Ihor Radchenko writes:

> But do you actually use one but not other in practice?

As in, could users have a preference for one vs the other in practice?
Yes, since the choice isn't without consequence, it's conceivable
(generally speaking) that some would prefer one over the other. FWIW, in
my specific case, I use CommitDate, but I am not convinced it's "the
right thing" in all situations.

Not having conducted a survey, I also cannot comment on the frequency
with which users have a desired preference for one vs the other. I am
also not aware of general rules where users would necessarily prefer one
over the other, but it's possible they may exist. My point was to simply
point out that there is more than one interpretation of

> It should not be too hard to add buffer hash calculation there.

No disagreement there.

> It will only work for files without includes and force us to use
> exactly the same hash algorithm.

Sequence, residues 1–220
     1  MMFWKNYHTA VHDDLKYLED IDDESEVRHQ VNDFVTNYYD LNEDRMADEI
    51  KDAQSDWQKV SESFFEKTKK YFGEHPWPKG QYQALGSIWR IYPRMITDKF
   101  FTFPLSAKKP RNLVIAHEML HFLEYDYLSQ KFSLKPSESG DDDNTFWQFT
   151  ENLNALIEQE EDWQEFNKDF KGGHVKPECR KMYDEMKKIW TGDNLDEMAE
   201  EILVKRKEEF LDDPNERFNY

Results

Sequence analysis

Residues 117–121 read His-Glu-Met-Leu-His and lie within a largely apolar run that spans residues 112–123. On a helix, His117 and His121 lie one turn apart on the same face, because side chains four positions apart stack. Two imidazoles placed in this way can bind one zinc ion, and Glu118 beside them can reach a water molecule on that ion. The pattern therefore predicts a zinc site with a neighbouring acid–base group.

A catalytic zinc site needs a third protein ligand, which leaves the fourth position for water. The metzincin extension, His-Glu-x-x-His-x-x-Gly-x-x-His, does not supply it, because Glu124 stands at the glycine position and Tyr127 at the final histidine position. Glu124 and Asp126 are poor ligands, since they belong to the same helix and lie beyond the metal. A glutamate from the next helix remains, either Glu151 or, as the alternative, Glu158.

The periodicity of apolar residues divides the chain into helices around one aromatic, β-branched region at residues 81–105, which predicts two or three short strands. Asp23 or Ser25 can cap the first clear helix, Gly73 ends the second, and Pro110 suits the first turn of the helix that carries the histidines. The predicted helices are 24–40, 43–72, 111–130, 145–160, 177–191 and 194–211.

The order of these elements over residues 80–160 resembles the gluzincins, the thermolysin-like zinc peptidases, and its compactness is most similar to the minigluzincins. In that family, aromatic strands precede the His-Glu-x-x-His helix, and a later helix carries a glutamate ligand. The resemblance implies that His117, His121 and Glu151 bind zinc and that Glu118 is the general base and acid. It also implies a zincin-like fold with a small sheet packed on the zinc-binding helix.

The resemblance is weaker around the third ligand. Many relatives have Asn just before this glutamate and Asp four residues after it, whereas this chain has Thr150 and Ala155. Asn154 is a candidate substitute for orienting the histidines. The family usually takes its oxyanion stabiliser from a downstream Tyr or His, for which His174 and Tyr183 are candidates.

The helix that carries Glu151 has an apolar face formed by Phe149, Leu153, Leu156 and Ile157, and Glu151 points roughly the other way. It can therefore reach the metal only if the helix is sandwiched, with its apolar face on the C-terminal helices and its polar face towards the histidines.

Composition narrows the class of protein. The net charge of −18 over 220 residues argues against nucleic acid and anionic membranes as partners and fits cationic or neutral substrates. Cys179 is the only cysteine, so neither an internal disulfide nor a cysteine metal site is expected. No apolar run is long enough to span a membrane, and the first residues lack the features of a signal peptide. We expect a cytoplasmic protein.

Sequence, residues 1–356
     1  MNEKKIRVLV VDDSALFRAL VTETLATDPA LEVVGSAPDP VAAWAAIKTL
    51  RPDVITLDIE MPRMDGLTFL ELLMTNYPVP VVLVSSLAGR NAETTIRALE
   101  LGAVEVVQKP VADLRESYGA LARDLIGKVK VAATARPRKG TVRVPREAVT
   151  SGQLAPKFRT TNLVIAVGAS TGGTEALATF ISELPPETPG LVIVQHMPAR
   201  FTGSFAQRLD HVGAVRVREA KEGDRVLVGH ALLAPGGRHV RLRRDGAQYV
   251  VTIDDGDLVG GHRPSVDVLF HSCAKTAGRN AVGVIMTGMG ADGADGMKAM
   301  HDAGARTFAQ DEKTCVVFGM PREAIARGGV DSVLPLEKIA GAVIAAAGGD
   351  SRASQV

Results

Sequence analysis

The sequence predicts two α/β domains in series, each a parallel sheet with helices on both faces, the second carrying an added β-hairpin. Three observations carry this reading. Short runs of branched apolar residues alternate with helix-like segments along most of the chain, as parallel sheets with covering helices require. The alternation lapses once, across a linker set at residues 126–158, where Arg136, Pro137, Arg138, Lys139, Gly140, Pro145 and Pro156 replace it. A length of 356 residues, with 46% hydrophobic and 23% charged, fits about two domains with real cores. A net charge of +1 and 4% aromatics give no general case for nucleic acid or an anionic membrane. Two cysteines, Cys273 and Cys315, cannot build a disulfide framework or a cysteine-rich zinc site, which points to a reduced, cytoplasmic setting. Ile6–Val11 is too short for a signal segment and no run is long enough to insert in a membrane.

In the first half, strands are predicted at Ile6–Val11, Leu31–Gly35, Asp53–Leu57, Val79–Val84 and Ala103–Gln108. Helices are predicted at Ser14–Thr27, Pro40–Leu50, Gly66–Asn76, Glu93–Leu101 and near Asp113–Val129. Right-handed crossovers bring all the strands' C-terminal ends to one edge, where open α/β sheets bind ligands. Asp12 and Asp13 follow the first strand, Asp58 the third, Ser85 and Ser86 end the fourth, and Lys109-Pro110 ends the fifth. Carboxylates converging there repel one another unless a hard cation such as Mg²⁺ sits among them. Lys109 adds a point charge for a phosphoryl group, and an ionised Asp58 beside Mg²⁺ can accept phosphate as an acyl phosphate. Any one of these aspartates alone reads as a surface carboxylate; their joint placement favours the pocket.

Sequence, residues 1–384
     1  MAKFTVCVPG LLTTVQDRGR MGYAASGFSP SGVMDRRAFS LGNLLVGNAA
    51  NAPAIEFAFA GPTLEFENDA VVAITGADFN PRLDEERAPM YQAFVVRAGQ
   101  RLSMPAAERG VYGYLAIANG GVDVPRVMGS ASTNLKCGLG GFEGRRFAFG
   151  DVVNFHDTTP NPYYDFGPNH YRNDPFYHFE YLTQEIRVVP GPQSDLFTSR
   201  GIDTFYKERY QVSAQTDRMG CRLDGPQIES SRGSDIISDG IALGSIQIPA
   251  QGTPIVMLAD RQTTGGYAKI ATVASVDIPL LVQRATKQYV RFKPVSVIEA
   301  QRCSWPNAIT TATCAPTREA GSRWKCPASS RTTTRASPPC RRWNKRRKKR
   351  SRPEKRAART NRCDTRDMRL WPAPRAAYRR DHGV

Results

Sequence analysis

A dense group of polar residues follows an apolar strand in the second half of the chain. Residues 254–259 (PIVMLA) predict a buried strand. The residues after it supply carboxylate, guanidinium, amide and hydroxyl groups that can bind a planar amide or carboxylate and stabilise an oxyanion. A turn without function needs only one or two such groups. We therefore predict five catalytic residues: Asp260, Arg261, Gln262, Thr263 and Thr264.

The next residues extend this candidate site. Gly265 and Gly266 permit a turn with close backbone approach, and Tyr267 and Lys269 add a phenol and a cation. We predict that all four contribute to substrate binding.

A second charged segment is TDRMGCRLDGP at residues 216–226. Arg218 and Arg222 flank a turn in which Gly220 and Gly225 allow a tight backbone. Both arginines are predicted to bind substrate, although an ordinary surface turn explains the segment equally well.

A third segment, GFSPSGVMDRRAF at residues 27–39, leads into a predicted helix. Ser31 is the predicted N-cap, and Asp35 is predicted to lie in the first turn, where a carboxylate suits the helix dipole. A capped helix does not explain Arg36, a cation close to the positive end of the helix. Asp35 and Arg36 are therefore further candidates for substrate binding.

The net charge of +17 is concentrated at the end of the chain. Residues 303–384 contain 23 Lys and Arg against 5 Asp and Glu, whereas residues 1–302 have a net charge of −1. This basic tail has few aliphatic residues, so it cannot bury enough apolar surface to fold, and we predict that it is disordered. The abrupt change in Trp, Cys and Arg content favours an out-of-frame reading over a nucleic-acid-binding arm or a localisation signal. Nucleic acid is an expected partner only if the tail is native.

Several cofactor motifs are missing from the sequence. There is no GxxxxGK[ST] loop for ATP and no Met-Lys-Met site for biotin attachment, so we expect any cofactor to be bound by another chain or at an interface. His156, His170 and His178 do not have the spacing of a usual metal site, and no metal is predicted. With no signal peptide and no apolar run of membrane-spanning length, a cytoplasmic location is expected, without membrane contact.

I don't follow. I was stating that the concept of a "file hash" could be
obtained in more than way. I.e., in addition to it being calculated "by
hand" it would also be possible to query an oracle (the VCS in this
case) for it. This is distinct and orthogonal from the decision of how a
"file with includes" is handled.

If I understand you correctly, the logic you have in mind, would be
something like this:

- during publish, compare the file hash of the file being published as
  well as all included files
- if the values for all are the same as in the cache, don't publish (if
  user has signalled such intent via the equivalent of
- if the value of any one is different, re-publish and update cache with
  the updated file hashes

It doesn't matter how the specific file hash is obtained, as long as the
mechanism is being used consistently and the file hash of the included
files are also being consulted in an appropriate way.


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